Lisa Archer, Educational & Developmental Psychologist, Strong Minds Psychology
Updated post from January 2018 with edits
Congratulations! You did it! You are about to send your child/ren off to school! Whether it is your first, or your final baby you are dropping off, it is always an event to be remembered, and celebrated.
Every parent/carer experiences transition to school in a different way, but you should all be very proud of the myriad of things you have done to contribute to the safe, healthy, and ready to learn child (or teen) you are sending out the door.
I’ve already shared some ideas for how your child/ren can be supported at kindergarten and school, but I cannot forget the fabulous folk who have made that happen, so here are some tips for you!
Organise a catch up
Invite one or more other parents and carers to get together after drop off. Whether your preferred ingredients are coffee, chocolate and tissues, or champagne, strawberries and party poppers, having people around you who share your story is a great thing!
If you are in the group needing the tissues, make sure you save your tears (of joy, pride, or sadness) for in the car, or better yet, when you are with your friends. It might be best to organise the catch up at someone’s house, particularly if you prefer to keep your emotional displays out of the local cafe!
You have worked hard!
Some may say to you, “Well you’d better start looking for work”… but don’t listen to them! You’ve earned a break. This might be peace and quiet at the gym or a walk after drop off, or it might be curled up in a dressing gown watching daytime television. Either way – own it!
You can get onto the next stages of increasing/beginning a career, or taking on study, etc, after you breathe for five minutes! Read a book, sit in peace, dance around the house to YOUR music, whatever it is that makes you smile.
I know, I know, I just told you to sit down and chill out… but – if you have spent the past XX years predominantly in unpaid employment, supporting your child/ren, then there will be some time available. Choosing specific tasks that you enjoy, or that give you purpose or drive, will help to prevent potential feelings of grief and loss, and changes in self-identity as your role adjusts. This could include helping at school/kinder once a week (e.g. reading, canteen), volunteering for a local organisation, enrolling in a short course, joining a book club or sporting team, or starting that business you were dreaming of.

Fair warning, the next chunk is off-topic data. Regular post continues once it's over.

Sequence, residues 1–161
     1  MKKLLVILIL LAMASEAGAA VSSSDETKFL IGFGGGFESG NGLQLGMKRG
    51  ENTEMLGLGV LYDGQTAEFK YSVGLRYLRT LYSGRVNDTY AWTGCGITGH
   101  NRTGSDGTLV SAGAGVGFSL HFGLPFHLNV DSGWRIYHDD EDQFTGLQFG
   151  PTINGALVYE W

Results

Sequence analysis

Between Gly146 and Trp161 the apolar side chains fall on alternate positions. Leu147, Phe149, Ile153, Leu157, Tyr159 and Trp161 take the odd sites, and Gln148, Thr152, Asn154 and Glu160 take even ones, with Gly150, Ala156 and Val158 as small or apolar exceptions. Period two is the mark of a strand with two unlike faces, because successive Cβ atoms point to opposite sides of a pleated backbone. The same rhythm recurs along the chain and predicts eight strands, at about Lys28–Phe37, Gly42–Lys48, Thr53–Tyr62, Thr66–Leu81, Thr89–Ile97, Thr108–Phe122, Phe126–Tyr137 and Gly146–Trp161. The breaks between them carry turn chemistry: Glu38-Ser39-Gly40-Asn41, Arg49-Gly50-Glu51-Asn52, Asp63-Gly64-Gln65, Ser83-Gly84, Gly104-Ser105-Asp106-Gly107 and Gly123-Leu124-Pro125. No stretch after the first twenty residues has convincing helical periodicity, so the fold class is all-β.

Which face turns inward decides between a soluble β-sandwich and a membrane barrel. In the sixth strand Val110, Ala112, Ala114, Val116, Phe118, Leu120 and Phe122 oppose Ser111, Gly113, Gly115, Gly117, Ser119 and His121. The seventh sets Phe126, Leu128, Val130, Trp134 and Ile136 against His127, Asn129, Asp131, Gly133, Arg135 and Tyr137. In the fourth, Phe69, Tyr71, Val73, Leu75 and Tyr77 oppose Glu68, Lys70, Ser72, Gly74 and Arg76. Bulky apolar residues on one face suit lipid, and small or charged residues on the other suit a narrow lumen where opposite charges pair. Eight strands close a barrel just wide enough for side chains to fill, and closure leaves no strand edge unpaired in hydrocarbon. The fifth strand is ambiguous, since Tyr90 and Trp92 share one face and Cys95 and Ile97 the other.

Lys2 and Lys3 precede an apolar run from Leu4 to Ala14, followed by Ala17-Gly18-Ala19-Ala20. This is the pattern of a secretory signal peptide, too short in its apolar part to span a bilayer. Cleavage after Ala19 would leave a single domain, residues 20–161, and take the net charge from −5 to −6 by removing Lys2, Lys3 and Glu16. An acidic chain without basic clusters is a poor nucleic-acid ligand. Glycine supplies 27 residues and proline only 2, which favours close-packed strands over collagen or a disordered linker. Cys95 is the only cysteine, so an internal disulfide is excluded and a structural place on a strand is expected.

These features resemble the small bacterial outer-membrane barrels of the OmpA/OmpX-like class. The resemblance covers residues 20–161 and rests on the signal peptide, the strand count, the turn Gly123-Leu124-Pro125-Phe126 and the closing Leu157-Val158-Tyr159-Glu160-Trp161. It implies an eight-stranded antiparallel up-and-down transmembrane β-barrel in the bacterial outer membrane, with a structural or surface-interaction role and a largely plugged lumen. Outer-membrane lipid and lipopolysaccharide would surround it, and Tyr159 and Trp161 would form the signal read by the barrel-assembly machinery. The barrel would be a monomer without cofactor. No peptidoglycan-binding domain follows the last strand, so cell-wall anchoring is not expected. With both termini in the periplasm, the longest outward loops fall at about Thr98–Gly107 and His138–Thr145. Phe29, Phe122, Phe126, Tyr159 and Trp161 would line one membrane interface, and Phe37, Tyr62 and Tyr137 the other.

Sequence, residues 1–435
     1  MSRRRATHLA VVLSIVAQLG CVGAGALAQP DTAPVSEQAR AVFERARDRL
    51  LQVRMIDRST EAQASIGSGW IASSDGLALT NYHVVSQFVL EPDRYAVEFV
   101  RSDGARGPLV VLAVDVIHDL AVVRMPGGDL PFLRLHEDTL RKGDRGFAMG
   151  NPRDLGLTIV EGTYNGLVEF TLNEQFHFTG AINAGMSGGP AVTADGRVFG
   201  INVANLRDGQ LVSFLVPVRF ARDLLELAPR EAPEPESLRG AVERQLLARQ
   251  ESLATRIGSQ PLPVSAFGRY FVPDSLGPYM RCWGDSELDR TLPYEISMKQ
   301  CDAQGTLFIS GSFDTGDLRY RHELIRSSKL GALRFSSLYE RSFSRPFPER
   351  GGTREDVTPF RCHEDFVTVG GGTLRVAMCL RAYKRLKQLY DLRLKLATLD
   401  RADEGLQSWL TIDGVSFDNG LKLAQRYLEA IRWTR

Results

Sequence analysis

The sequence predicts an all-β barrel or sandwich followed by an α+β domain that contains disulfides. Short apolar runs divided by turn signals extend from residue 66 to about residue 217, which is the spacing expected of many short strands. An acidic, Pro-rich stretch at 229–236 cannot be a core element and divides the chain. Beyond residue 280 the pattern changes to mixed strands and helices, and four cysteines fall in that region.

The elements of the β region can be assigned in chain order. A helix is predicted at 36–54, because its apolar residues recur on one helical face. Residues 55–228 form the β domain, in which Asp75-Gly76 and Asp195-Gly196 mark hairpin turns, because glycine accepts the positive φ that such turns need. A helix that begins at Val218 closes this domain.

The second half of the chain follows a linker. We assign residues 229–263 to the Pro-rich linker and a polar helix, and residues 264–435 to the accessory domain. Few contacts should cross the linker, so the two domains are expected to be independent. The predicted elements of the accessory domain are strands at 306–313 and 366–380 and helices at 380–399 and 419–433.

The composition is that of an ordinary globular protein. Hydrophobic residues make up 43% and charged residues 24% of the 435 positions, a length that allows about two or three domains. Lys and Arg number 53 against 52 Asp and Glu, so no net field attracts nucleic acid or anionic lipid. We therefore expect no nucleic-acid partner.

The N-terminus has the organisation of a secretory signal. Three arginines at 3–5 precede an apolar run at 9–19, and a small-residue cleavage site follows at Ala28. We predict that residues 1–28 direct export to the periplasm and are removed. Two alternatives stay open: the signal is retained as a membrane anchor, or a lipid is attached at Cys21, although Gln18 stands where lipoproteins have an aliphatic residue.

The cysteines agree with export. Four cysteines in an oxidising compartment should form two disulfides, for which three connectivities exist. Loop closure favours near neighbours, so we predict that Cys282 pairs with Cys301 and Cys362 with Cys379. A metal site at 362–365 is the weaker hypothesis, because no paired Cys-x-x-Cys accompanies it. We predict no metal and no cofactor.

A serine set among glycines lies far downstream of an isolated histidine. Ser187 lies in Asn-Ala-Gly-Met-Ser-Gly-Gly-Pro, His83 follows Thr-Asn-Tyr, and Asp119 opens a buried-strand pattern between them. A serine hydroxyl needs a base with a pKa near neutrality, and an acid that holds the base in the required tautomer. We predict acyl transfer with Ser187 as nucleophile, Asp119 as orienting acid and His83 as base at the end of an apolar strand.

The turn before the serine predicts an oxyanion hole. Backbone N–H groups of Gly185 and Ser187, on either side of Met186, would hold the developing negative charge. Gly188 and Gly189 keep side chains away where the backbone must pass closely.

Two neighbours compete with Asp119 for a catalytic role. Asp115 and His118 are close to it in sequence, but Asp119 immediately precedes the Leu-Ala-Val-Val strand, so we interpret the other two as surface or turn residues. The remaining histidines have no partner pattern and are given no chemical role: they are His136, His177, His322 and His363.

Check out our other tips on the return to school in 2019- for primary school/kinder students, parents, and the letter to the educator.
If you need additional support enhancing your mental health, or supporting the mental health of a loved one, call the team at Strong Minds Psychology on 03 5967 1438, or complete the form below.
About the Author:
Lisa is an Educational & Developmental Psychologist, and the founder of Strong Minds Psychology. Lisa has a decade of experience working in & with school staff to support the educational, social, & emotional needs of children throughout their school career, and beyond. Lisa thrives on working with people in a team approach, creating positive support networks for children and adults. She provides assessments, counselling and therapy – helping with stress, anxiety, depression, self-esteem, grief & loss, social skills, and anger management.